With the stern and weaken after tower sections now sinking the after towers weight breaks her free (this accounts why some saw titanic in three pieces as the bow fell away) the tower falls to the floor rapidly as it is small and easily flooded.
As the stern continues to flood with her plates ripped off the ribs from the twisting as the bow fell away she stands near end up and holds as the air compresses (not straight up as in the movies but at a sharp angle as testimonies gave) as the air compresses and escapes the stern begins her plunge and ultimately shreds and implodes.
I hope I was able to better describe my idea.
By no means to I think the bow ever broke surface after she flooded and dropped below the water line.

I definetly understand the difficulty of reading and interpreting these types of complicated descriptions, lol! Here's what I mean by the stern swinging up during the break:

(exactly at 10:48)

I don't think this would have been possible if C deck were acting as a hinge (also notice how the end of the bow slightly raises). Survivor accounts seem to indicate that it was a fairly clean break, and nothing quite attached afterwards, as it was reported that the stern bobbed there for a minute or two. If there were any major connections like in the hinge theory, I don't think the stern would be able to "float" as long as it was remembered to. To some, the missing bow was the indication that the ship broke apart, not the settling stern.

As for Britannic vs Titanic, Britannic had a much stronger starboard list than Titanic's port list during the plunge. Computer simulations from the Navy also show that it would have broken at an angle of about 25 degrees down by the head regardless (which matches with survivors who saw half of the ship engulfed when the stern settled). They definetly sank very differently.
 
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Mdaw

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I agree the rivets do seem to have held together pretty well in some parts of the wreck. e.g. Here is a section of hull that has bent around 180 degrees.


View attachment 41946






I don't recall any indepth exploration of the wreck that searched for breaches to her bulkhead walls. The breaches between each compartment could have been only a matter of inches and not a total collapse of the entire wall that divided each compartment. The stern of the Britannic was suspended high in the air for a long time before sliding down, yet she did not buckle and break on the surface, so this is why I believe the Titanic theory that her stern was also suspended in the air and then broke does not in my opinion make sense because her sister did the same thing and remained intact. There were accounts that the stern first broke and then rose up afterwards and then settled back. This all ties in with the accounts who saw her stern lights remain on and corkscrew around and presented her keel towards the lifeboats as she turned around. This is why I believe all available accounts need to be examined and integrated together.


.
Brittanic had been twisting as titanic did. Any twisting of the steel would apply further forces then simply tension and compression. Brittanic listed to starboard and stayed there. Titanic did not. That twisting even if slow would apply an empire is amount of axial forces the already stressed tension and compression zones.

not saying I’m right, simply say the two are very different in how they went down.
We can also assume from testimonies brittanic filled faster and more evenly along her side as the nurses had many of not most of the port holes open. While titanic had a sustained natural flooding which would have applied the strains for a much longer period.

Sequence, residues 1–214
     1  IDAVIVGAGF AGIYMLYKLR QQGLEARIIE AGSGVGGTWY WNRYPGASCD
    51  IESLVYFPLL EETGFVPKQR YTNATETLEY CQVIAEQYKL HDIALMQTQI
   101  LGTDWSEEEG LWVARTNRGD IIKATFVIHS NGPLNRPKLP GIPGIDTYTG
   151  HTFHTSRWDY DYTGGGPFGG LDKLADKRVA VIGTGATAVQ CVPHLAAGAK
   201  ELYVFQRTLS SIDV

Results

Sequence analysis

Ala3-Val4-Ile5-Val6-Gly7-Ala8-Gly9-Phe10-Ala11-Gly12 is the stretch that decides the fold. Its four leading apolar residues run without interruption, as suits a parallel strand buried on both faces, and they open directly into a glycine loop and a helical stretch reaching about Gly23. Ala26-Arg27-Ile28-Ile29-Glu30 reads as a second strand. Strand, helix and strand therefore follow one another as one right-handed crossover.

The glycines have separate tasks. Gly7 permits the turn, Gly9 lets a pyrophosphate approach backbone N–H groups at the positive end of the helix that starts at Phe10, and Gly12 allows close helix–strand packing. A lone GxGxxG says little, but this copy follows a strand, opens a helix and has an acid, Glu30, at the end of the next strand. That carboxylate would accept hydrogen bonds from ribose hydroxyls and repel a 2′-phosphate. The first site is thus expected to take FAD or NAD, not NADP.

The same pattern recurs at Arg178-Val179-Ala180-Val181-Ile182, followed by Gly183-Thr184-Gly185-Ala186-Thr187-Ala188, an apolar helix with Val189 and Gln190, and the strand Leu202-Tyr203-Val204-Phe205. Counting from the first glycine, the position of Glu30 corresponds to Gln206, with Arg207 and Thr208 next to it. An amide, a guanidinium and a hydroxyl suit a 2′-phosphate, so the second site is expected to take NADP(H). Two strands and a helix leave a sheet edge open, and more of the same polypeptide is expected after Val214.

watch metal bending videos. The bend starts slow but once it starts it’s accelerates. Brittanic simply was at the surface long enough to have to forces applied for as long.
 

Mdaw

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I definetly understand the difficulty of reading and interpreting these types of complicated descriptions, lol! Here's what I mean by the stern swinging up during the break:

(exactly at 10:48)

I don't think this would have been possible if C deck were acting as a hinge (also notice how the end of the bow slightly raises). Survivor accounts seem to indicate that it was a fairly clean break, and nothing quite attached afterwards, as it was reported that the stern bobbed there for a minute or two. If there were any major connections like in the hinge theory, I don't think the stern would be able to "float" as long as it was remembered to. To some, the missing bow was the indication that the ship broke apart, not the settling stern.

As for Britannic vs Titanic, Britannic had a much stronger starboard list than Titanic's port list during the plunge. Computer simulations from the Navy also show that it would have broken at an angle of about 25 degrees down by the head regardless (which matches with survivors who saw half of the ship engulfed when the stern settled). They definetly sank very differently.
With the hinge theory ... were talking seconds. It simply give account for compression pressures running upward as well as the tension opening up the top as the bow swings down, she pulls the c decking applying a second strain to the hull structure. This literally would have occurred quickly. As the stern tear resurfaces the bow continues to separate and peel the double hull and plating off of the stern opening up the stern and giving the stern the signature roll to port as she brings her descent. I don’t think the bow “hung onto the stern and pulled the stern down as in the banana peel idea. I more so think the falling stern used the c deck structure to push the aft bow down giving it the leveling sensation noticed by some on board as the bow immediately began her death plunge tearing away from the stern. Not slowly but remarkably quickly. So quickly I belive by the time the stern bobbed up the bow had already levelled and detached and was progressing forward and down as witnesses claimed.